Bui Dam Blows $3m On Golf Park

Jabesh Amissah-Arthur
The Minority New Patriotic Party (NPP) in Parliament has accused the John Mahama-led National Democratic Congress (NDC) administration of reckless and profligate spending in ‘this era of economic crisis.’

With the load shedding exercise and rapid depreciation of the Cedi, according to the Minority, ‘it does not make sense for the Bui Power Authority, headed by Jabesh Amissah-Arthur, brother of Vice President Kwesi Bekoe Amissah-Arthur, to spend $3 million on a Golf park and a recreational centre for staff of the Authority.’

The Minority also accused the National Petroleum Authority (NPA) of spending $63,000 a month as rent for offices at East Legon, near Accra, especially at a time when increases in petroleum prices had been a regular feature.

The NPA has confirmed the allegation of lavishing $63,000 on monthly rent.

The Minority hinted that the NDC government would soon collapse under pressure from the International Monetary Fund (IMF) regarding the implementation of austerity measures that would not only bring more hardship to Ghanaians, but also deepen the country’s economic crisis.

The Minority group, which gave the hint at a press conference in Parliament House yesterday, said the IMF had strongly proposed that government lay off public workers and increase taxes again.

In addition, government should completely remove subsidies on utilities and petroleum products to make Ghanaians bear the complete cost of these services – to compound the current hardship.

‘The IMF’s proposals to government include specific programmes to reduce the public workforce; streamlining of subverted agencies with time bound targets for removing them from public payroll through closure or commercialisation; reduction in wage costs through streamlining allowances; non-replacement of retiring or departing public sector employees in overstaffed areas; further prioritisation of capital spending combined with reduction in transfers to statutory funds to lowest permissible level; elimination of transfers to the Ghana National Petroleum Corporation (GNPC); increase or introduction of selective tax rates like VAT on fuel; higher excise tax on specific products; immediate freeze on new tax exemptions; thorough review of tax regime for free zones to reduce tax exemptions and higher tax rate on real estate along with stepped-up registration and valuation efforts,’ the Minority Spokesperson on Finance, Dr. Anthony Akoto Osei, who addressed the media, unearthed.

He said ‘without these measures the economy is almost on the brink of collapse with cost of living rising every day, the local currency depreciating every day, ‘dum-sor, dum-sor’ getting worse, workers being laid off in every sector of the economy and unemployment hitting the roof.’

Dr. Anthony Akoto Osei articulated, ‘The impunity in our economic management since 2008, especially in 2012, the ineptitude, the corruption, the thievery, the leakages, the placing of square pegs in round holes and politicisation of our civil and public services, are matters  that have combined to send this nation into such an abyss.’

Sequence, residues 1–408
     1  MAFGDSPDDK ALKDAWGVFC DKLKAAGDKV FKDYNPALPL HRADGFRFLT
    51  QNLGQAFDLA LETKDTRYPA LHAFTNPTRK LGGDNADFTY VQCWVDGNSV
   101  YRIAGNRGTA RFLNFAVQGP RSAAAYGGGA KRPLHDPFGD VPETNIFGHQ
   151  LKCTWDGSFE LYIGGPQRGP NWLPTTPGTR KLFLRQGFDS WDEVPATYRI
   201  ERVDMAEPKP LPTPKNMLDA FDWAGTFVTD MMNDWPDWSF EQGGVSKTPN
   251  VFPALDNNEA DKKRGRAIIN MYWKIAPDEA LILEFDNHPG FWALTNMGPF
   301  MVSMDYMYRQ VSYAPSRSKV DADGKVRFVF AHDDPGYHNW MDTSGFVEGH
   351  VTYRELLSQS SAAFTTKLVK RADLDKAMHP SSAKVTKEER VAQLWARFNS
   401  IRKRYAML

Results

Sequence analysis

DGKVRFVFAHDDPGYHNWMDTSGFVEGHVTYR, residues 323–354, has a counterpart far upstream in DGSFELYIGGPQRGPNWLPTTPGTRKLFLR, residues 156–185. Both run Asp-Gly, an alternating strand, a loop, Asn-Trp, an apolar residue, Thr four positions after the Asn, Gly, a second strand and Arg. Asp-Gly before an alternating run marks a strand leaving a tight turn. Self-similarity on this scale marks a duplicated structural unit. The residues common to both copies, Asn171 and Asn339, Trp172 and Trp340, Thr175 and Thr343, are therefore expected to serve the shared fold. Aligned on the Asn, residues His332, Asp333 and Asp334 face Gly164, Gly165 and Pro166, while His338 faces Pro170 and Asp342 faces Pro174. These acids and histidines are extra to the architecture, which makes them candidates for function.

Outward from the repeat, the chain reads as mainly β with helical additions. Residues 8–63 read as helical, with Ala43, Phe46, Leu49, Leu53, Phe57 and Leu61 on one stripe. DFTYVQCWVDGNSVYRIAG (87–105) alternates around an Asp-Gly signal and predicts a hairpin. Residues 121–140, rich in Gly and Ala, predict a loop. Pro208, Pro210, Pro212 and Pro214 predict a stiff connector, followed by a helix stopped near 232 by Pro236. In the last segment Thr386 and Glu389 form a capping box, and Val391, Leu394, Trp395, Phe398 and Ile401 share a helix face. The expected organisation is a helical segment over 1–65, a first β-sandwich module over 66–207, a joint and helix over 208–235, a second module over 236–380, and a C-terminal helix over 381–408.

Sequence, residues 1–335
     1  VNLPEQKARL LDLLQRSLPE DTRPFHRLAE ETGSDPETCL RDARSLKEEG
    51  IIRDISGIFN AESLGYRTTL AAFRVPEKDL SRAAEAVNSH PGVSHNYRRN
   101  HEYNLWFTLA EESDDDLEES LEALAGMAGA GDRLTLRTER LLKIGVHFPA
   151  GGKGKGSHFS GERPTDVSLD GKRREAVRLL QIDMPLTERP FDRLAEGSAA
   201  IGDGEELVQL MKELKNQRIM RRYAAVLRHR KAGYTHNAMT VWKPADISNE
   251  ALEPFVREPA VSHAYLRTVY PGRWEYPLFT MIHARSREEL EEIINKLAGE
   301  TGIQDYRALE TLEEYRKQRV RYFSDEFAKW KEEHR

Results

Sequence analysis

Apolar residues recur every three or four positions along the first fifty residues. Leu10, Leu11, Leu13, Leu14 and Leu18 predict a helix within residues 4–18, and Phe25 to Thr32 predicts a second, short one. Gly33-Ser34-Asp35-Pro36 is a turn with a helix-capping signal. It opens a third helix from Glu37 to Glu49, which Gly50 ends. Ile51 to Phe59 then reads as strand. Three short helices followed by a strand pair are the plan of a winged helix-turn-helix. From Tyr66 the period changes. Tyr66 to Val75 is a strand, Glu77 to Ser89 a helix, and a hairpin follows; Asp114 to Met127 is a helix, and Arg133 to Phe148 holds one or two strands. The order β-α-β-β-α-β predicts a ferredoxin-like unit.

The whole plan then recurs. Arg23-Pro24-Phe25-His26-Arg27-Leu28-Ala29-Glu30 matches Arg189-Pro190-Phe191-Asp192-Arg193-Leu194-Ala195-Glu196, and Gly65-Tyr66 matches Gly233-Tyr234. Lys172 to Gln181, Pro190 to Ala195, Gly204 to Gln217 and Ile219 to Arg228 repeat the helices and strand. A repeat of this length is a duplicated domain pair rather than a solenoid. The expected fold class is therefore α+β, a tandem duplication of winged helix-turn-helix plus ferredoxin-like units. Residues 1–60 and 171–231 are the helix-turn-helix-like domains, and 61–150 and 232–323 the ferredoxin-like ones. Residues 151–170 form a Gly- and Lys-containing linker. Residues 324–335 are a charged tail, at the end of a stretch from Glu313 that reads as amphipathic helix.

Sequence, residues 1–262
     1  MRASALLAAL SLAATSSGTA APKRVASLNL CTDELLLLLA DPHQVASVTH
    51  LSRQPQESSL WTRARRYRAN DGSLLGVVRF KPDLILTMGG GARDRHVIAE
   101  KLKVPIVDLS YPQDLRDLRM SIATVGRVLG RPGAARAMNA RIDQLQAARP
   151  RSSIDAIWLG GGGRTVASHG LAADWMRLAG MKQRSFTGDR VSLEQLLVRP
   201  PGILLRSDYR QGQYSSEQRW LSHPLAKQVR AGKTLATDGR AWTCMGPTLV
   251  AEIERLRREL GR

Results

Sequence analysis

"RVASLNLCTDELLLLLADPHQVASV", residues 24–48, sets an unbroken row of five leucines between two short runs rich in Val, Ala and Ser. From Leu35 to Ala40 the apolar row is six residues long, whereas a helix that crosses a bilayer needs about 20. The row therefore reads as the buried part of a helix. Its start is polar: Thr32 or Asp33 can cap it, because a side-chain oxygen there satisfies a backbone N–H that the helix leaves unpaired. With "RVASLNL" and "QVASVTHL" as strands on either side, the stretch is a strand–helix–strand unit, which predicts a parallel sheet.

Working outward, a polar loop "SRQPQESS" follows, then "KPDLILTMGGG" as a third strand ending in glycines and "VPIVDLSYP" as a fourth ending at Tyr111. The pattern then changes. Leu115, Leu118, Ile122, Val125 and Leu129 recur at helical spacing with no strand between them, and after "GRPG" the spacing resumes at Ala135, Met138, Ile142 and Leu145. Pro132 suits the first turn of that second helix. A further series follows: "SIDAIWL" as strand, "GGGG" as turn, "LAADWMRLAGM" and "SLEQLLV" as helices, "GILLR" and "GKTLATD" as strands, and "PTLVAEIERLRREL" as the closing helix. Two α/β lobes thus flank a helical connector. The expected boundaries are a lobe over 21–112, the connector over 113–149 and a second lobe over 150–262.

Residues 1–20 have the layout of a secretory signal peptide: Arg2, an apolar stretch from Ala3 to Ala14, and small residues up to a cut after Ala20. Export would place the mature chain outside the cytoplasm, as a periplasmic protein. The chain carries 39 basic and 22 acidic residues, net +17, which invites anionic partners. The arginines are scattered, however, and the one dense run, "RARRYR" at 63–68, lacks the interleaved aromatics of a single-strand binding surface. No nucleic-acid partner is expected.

He said with all these economic crises the country is going through, the government continues to throw public funds into the drain on daily basis.

He indicated that the government had given the go-ahead to the National Petroleum Authority (NPA) to rent an office accommodation at East Legon paying $63,000 every month while the Bui Dam Authority, which could not even produce electricity at any capacity, was spending public money to construct lavish golf courses and a club house at the cost of $3 million.

‘How can this government which calls itself a ‘social democratic government’ spend a whopping $2.5 million on party supporters to travel to Brazil just to watch World Cup matches on TV in dormitories?’ the Minority Spokesperson queried.

They called on the government to respectfully abandon its plan to contract the $3 billion Chinese Development Bank loan because the processes involved were hurting Ghana economically.

He said so far, the country had paid $54 million as commitment fees while a whopping $100 million would have been paid by the end of this year in charges and fees alone – even though the loan had stalled.

The Minority also asked the government to shelve its plans to issue a further $1 billion Eurobond because it would worsen the nation’s debt servicing problem.

‘A double-digit inflation, double-digit current account deficit, a double-digit fiscal deficit, a double-digit depreciation of the cedi, would certainly lead to a double-digit yield on the bond,’ Dr Akoto Osei observed.

They called on the Trades Union Congress (TUC), civil society organisations and members of the society to stand up and ask for accountability and transparency in government and also for President Mahama to walk his talk of making the economy a home-grown one.

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By Thomas Fosu Jnr

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